The Monthly Genesee Farmer 30(9): 129 (Sept. 1838)


In whatever part of our country one travels, he is continually reminded that the practice of draining land is little understood, and less followed, by our farmers. The advantages of thorough draining soils are so numerous, that we feel justified in a frequent recurrence to the topic, an one of great practical interest to almost every owner or tiller of land. While lands are liable to be submerged, and axe not furnished with suitable means to convey off the surplus water, every one know, that attempts at cultivation axe made to little profit. But the effect of a constant saturation of soil by water, stagnant and lying a few inches below the surface, is worse if possible than occasional overflowings. Plants will bear large quantities of water for a considerable period of time, if the water is in motion, but water lying motionless and stagnant has an effect on the roots of plants like that of poison on the animal system. There may in many cases be little or so appearance of water on the surface, when all is moisture but a few inches below; and causes wide of the mark are frequently assigned for the unfertility of soils, when an examination, or an understanding of the effect of too mach water, would have revealed the true reason at once.

When springs of water exist in our arable fields, the effect is obvious and in confining their waters to the narrowest limits, or leading them off in open or covered drains, we correct the evil at once; but when the water that falls in rains, or is left by the meltings of the snow, disappears from the surface, only to be retained by the impervious layers of earth below, until carried off by the tedious process of evaporation, incalculable mischief is effected.

While hidden stagnant water remains in the soil, manures are entirely inoperative, and whether caustic or putrescent, are in effect thrown away on such lands. Every farmer knows that where water exists constantly within a short distance of the surface, gypsum or lime is inefficient, and barnyard manures impart no fertility. If in meadow, the grass grown afford. comparatively but little nutriment; in spite of all efforts of the farmer the better and finer kinds of grasses speedily disappear or run out, and avow aquatic grasses, worthless for hay or grazing, usurp the surface. If very wet, mosses occupy the ground that should be covered with turf, and cattle fed on such lands, owing to the inferior qualities of the grass, are rarely found in a good condition. We sometimes find orchards of fruit trees planted on such soils, and the hard stiffened bark, crooked and mossy branches, and miserable fruit, show clearly the deleterious nature of such places on fruit trees; and the diminutive tree, of native forest growth on subsoils of this nature, are farther proofs that no vegetable can become acclimated, or flourish when exposed to such causes of degradation. Trees of all kinds that are planted or grown on such soils are more exposed to injury from insects and parasites, than when growing on drained lands and in a state of health and vigor.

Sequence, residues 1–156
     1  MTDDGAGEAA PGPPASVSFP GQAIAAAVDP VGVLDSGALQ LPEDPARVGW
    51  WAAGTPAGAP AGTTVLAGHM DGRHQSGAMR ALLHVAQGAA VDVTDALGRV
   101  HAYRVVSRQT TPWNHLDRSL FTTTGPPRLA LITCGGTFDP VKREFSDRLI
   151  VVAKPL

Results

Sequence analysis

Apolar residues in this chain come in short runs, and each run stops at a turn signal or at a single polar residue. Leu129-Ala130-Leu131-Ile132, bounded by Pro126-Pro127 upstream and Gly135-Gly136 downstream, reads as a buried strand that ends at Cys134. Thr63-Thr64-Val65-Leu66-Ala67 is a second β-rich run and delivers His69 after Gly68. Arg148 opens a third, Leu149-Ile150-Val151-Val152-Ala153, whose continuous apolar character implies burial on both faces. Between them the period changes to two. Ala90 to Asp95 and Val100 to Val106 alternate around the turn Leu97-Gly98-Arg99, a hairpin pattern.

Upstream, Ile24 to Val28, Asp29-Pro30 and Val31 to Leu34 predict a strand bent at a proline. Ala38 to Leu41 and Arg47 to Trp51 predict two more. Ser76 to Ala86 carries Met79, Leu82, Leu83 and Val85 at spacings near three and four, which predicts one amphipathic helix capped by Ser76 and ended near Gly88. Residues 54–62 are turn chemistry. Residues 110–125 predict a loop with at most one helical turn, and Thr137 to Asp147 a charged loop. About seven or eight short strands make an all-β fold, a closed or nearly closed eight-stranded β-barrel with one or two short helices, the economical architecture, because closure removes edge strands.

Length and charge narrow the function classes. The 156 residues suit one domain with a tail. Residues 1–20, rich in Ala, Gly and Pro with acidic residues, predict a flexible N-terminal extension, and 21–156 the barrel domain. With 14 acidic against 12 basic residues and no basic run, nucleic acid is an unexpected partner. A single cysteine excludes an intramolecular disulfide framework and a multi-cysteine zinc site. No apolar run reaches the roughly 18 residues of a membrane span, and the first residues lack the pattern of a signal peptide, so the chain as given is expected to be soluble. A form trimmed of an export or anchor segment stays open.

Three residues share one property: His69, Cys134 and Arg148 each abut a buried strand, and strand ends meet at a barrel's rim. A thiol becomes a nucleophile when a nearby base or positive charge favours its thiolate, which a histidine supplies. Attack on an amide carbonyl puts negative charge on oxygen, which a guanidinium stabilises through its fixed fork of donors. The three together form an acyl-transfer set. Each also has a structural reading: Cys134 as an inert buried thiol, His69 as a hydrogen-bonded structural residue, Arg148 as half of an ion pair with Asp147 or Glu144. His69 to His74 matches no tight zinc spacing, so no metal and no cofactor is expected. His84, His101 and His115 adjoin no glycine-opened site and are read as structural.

It is impossible, where the subsoil is saturated with water, to put the surface in a fit state for the reception of crops, or for crops to flourish, even should the seeds vegetate. No matter how workmanlike the manner may be, in which the plough, harrow or roller are applied, such lands cannot be pulverized and made of the proper degree of fineness. The subsoil moisture will effect the surface, and make it heavy and adhesive; the heat will be carried off by the evaporating process, and the soil be cold and unproductive. If the water rises to the surface during the showers of summer, the heat converts such pools into receptacles and breeding places of the gnat, musquito, and gadfly, to torment and render poor and restless the animals that graze in the vicinity.

But it is to the wheat grower that a wet subsoil is the most productive of mischief, and the most fatal to the crop cultivated. In such retentive soils, wheat will be frozen out, and neither manure or lime in such cases can afford more than a partial remedy. The evil lies deeper, and thorough draining lathe cheapest, not to say the only effectual cure. Wheat on such soils is destroyed in the spring. While the earth at a little distance in depth is saturated with water, spongy, and unfrozen, the surface at night radiates heat rapidly, sinks below the freezing point, and the frozen earth, acting by mechanical power lifts the roots from the soft earth below. The sun dispels the frost, the lifted earth settles again, but the roots of the wheat plant are not replaced; and a few repetitions of the same process, which are most sure to occur, leaves the plant with its roots drawn from the earth, and death inevitably follows. Farmers from this single cause, and sometimes in a single year, suffers greater loss, than would have sufficed to drain their fields thoroughly, and place them beyond the reach of such an evil for a long time, if not forever.

The effect produced by thorough draining of land, has been such as to surprise those who have adopted the system the most completely. Its effect in breaking down the soil; in increasing the depth to which it can be ploughed, and of course the depth of soil penetrable by the roots of plants; in rendering the whole friable and easily worked; and in causing it to feel the beneficial effects of manures, has made draining of land one of the most indispensable accompaniments of good farming.